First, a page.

Eyelid surgery, or blepharoplasty, is a common procedure facial plastic surgeons perform on men and women to repair sagging upper eyelids or to remove lower excess skin and reduce puffiness.
As we age skin gradually loses elasticity. A lack of elasticity and the constant pull of gravity can cause excessive skin to collect on the upper and lower eyelids. Excess skin on the lower eyelid causes wrinkles. Combined with accumulation of fat deposits, bulges can form. On the upper eyelids, an extra fold of skin can hang over the eyelashes.
A blepharoplasty procedure can help individuals look more refreshed. Some report improved vision if the upper lids were excessively droopy. Good candidates for blepharoplasty are adult men and women who don't smoke and are in overall good health.
Dr. Roberts' patients can see great results because he employs a transconjunctival incision technique just along the lower eyelash line to remove skin and/or redistribute excess fat, resulting in a virtually imperceptible scar. When excess skin is removed, it's referred to as a 'skin pinch'. Some surgeons still use a traditional incision, which can result in bulging or misshapen lower eyelids. Dr. Roberts sees no benefit to using this approach unless the patient has a lot of excess loose skin that needs to be excised.
In certain cases, when patients have a weak bone structure below bulging fat on their inferior orbital rim (a tear trough deformity) which causes a depression in the hollowed area near the nose bridge under the eye, then fat can be repositioned to fill in the depression. Once the depression is filled in and fullness is restored to the upper portion of the cheeks, the result is a more youthful, energetic appearance.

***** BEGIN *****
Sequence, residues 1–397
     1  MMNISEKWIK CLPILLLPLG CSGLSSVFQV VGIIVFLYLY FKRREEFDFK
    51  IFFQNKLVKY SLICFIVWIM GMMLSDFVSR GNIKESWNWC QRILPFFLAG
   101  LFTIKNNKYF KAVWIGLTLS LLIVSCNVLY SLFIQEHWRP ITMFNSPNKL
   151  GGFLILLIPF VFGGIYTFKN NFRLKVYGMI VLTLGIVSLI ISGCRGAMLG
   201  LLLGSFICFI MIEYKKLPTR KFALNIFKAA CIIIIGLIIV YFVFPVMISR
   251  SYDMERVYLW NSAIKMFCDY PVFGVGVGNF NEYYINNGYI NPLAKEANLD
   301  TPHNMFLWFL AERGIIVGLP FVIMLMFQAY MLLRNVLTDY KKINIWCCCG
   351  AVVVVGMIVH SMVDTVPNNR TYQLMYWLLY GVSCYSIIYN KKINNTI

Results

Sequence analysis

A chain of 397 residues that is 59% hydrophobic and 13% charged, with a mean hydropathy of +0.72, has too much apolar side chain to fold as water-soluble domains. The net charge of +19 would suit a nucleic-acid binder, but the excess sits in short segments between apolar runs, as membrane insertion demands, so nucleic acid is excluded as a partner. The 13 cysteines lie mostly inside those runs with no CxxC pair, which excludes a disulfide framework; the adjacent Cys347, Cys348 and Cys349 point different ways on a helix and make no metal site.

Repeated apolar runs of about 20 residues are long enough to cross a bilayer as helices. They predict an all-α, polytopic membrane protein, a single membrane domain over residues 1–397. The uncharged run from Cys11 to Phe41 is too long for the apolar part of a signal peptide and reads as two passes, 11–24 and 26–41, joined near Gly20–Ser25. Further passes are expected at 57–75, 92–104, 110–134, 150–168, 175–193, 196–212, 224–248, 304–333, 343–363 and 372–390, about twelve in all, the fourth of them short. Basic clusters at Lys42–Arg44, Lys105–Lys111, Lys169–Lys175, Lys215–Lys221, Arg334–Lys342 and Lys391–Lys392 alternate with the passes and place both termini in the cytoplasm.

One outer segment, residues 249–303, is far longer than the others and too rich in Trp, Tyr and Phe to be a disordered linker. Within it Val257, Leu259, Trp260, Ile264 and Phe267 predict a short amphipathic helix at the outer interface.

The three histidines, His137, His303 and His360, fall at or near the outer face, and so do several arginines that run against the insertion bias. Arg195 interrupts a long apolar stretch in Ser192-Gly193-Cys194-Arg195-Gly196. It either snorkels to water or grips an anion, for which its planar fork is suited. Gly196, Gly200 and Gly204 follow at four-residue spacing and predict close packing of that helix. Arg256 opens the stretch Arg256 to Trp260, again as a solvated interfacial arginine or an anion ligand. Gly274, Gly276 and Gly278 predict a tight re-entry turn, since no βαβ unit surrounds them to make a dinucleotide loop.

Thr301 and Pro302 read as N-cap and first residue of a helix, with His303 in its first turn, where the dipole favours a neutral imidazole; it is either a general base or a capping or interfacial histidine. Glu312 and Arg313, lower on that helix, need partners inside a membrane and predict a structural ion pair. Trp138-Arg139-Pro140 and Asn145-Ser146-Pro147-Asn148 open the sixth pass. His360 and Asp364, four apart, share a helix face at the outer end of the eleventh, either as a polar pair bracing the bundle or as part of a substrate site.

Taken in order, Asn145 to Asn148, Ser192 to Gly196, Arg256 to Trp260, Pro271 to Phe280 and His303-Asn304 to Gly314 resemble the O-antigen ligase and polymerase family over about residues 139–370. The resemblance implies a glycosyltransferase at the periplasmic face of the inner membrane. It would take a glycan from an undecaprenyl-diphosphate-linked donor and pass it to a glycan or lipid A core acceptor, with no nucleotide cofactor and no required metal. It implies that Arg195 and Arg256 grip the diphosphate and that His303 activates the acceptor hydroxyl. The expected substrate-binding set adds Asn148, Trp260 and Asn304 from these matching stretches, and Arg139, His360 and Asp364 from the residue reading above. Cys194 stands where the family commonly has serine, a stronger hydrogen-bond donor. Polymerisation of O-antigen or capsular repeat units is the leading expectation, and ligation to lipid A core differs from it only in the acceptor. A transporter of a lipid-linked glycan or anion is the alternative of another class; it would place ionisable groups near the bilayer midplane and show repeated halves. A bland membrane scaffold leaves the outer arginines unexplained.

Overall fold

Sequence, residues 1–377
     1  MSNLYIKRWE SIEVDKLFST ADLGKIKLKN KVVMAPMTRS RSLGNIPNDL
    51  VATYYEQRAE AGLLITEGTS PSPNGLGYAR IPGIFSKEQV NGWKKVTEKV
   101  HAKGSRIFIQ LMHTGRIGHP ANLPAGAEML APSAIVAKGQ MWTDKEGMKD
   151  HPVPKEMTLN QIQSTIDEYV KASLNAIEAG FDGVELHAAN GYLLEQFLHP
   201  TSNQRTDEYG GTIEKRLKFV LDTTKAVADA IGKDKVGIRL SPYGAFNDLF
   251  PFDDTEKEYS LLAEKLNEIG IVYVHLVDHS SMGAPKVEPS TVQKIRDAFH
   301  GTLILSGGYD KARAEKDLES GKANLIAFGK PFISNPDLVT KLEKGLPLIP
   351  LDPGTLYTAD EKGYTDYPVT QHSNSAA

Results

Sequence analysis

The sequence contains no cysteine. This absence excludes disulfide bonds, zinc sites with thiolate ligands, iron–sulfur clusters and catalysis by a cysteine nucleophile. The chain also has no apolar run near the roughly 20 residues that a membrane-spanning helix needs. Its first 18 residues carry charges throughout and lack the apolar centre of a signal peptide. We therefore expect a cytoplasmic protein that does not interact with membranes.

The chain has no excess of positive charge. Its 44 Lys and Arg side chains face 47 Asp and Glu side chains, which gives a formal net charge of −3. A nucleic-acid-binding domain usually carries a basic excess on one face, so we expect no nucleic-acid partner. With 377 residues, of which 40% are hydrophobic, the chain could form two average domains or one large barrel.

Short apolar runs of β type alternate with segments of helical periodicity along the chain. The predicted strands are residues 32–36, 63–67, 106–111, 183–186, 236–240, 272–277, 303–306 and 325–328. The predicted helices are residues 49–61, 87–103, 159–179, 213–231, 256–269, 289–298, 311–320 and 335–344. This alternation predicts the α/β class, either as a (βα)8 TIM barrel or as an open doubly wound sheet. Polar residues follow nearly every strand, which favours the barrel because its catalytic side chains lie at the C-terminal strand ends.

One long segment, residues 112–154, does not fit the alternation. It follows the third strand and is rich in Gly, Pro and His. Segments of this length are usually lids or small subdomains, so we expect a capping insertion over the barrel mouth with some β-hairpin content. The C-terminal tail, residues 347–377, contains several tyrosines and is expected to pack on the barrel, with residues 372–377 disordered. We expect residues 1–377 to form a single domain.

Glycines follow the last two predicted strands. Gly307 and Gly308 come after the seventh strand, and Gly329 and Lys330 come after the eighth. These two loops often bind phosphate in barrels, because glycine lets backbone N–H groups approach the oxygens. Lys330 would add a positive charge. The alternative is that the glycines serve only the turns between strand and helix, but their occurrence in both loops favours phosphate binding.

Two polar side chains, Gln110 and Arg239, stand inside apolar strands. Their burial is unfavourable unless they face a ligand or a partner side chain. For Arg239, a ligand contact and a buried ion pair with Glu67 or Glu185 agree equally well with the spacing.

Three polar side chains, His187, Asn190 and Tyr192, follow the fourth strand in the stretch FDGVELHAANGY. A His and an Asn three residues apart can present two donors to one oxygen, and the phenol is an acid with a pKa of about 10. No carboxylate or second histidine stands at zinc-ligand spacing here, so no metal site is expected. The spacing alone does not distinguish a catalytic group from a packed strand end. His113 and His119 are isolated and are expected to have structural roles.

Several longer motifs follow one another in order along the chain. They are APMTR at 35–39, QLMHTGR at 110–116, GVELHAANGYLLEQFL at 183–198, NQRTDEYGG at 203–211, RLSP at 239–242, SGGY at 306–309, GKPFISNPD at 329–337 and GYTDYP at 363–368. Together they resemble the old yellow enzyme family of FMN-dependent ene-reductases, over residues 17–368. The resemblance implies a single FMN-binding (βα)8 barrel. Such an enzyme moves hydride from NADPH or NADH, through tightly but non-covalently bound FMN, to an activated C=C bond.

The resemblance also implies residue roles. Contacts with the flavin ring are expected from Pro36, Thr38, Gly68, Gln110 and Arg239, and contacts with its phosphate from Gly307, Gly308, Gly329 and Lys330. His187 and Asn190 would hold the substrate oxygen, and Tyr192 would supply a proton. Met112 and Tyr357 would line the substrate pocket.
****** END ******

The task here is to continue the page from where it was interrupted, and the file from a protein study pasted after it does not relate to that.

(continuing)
A lower blepharoplasty is typically performed under intravenous sedation. Most procedures take from one to two hours.
An upper blepharoplasty, or eyelid lift, is recommended when patients experience loose or baggy skin that diminishes the eye's natural shape and contour. In some cases, patients report being able to see the skin as it rests on the upper lashes or feeling a heaviness over the eye. Oftentimes, a tired appearance prompts people to seek an eyelid lift.
An upper blepharoplasty can be performed under a local anesthesia or oral sedation. Most procedures take about an hour. When both an upper and lower blepharoplasty are performed together, Dr. Roberts uses IV sedation. Stitches are usually removed after five days. Patients can apply makeup after the sutures are removed.
What to Expect during and after Blepharoplasty:
In addition to the information provided above, Dr. Roberts takes special care during his surgeries to cauterize any bleeding points prior to close incisions to help minimize bleeding and bruising, typically leading to a quicker recovery. Very fine dissolvable stitches are used to close the incision, which is barely detectable once healed.
Bruising and swelling generally resolves in 7-10 days. Strenous activity is to be avoided for 2 weeks. We recommend sunscreen and sun avoidance during the healing period.
As bruising and swelling begin to subside you will notice improved contour underneath the lower eyelids with less fullness and puffiness.
Before & After
All before after pictures are of actual Roberts' patients.
A Blend of Science and Symmetry
Dr. Roberts puts over 12 years of experience in every blepharoplasty procedure. He strives to achieve contours that preserve an individual's unique, distinctive aura. Dr. Roberts takes great pride and time to help provide natural, healthy results for each individual patient.
Dr. Roberts is certified by the American Board of Facial Plastic and Reconstructive Surgery, as well as the American Board of Otolaryngology-Head & Neck Surgery.
It's never too late to begin reshaping your future. For a free confidential consultation, please email us or call us today at 972-608-0000 and let us help you reveal your natural beauty.
All Before After pictures depicted on page are actual Roberts' patients unless indicated otherwise. Banner pictures of individuals on this page are typically models (not patients), unless indicated otherwise.